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Italian word of the day: 'Ragazzi'

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Italian word of the day: 'Ragazzi'
Photo: DepositPhotos
15:20 CEST+02:00
Guys, seriously. You have to know this word.

I'm going to go out on a limb here and say: you'll never fit in among Italians if you don't start using the word ragazzi.

Look it up in the dictionary and you'll find a simple enough definition: un ragazzo is a boy, una ragazza is a girl, i ragazzi are boys and le ragazze are girls.

All valid uses, but trust me, they're not the whole picture. Ragazzi (if you're talking to an all-male or mixed group), ragazze (if you're talking to women), or the shortened version raga' (good for both) are terms you'll hear all the time in Italy, with no kids in sight.

They mean, roughly, 'guys', 'folks', 'lads', 'ladies', 'you lot' – anything you'd use to address a group of people at once.

Ciao raga'!
Hi guys!

OK ragazze, cosa facciamo stasera?
OK ladies, what are we doing tonight?

Forte, eh ragazzi?
Cool, right lads?

It helps that Italians' definition of what constitutes a ragazzo/a is extremely broad.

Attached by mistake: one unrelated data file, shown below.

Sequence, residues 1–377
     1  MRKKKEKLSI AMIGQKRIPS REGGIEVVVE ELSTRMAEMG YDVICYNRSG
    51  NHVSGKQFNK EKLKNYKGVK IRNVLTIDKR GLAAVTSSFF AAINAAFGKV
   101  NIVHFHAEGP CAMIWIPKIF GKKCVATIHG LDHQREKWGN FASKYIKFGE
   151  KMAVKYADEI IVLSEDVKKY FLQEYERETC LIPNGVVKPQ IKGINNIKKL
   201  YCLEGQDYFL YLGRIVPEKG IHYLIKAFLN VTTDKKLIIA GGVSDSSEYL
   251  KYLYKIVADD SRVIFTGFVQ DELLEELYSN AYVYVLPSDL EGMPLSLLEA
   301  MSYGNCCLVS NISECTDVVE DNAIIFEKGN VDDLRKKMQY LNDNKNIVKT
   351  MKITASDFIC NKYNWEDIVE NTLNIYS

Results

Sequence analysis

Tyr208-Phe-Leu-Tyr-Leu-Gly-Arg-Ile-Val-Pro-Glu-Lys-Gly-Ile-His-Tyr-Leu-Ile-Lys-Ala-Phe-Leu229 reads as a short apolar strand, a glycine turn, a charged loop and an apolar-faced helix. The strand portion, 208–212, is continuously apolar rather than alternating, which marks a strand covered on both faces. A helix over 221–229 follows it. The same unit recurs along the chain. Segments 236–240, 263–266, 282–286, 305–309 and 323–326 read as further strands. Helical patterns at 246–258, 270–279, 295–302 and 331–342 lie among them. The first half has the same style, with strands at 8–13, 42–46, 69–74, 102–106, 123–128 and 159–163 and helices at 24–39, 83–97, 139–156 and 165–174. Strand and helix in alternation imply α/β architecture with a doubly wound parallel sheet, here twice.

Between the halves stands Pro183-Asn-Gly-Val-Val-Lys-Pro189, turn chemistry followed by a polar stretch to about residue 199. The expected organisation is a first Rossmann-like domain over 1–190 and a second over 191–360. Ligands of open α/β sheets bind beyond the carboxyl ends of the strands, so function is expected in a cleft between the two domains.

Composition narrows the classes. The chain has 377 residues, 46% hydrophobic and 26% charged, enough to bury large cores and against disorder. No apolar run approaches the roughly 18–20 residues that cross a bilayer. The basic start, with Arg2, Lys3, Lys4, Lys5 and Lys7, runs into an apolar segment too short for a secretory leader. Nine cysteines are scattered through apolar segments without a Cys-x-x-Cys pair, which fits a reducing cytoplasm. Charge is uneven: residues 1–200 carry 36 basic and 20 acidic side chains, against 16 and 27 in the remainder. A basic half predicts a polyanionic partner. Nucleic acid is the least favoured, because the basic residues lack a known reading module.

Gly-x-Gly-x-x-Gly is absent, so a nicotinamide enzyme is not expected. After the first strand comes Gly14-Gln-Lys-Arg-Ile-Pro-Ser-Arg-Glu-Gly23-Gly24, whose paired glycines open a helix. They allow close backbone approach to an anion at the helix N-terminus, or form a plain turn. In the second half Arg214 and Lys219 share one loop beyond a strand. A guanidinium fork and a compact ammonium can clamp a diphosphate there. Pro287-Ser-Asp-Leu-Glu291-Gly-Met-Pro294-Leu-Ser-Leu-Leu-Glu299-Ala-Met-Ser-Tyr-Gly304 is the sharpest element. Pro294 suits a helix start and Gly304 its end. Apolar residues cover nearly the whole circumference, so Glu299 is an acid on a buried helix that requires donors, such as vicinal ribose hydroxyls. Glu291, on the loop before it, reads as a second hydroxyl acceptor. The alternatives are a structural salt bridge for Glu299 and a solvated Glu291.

To illustrate: when movers started carrying boxes into the empty apartment next to mine, I was informed that my new neighbour was "un ragazzo". Upon meeting him, I discovered that he was over 50. With grey hair. And yet, because he's unmarried and lives alone, in Rome (by the standards of my building at least) he's considered a lad.

Ragazzo/a/i/e can be a casual way to refer to people of (almost) any age, even when you're not talking directly to them.

È venuto il ragazzo di Napoli.
The guy from Naples came.

Lei vive con due ragazzi.
She lives with two guys.


'Girls in Beverly Hills', better known in English as Clueless.

That said, ragazzi still implies a certain youth – and above all, familiarity – so it's advisable to choose another term when you're speaking to people to whom you need to show respect, such as bosses or new in-laws. Basically, if they're part of your gang, they're ragazzi; if not, best call them something else.

And there's one more reason to be careful: if you call someone your ragazzo, you've just implied that you're romantically involved.

La mia ragazza mi ha lasciato.
My girlfriend left me.


'Her boyfriend calls her fat and she decides to change her life. Here's how' (headline on clicknotizie.it) – hint, it involves a diet.

Do you have a favourite Italian word, phrase or expression you'd like us to feature? If so, please email with your suggestion.

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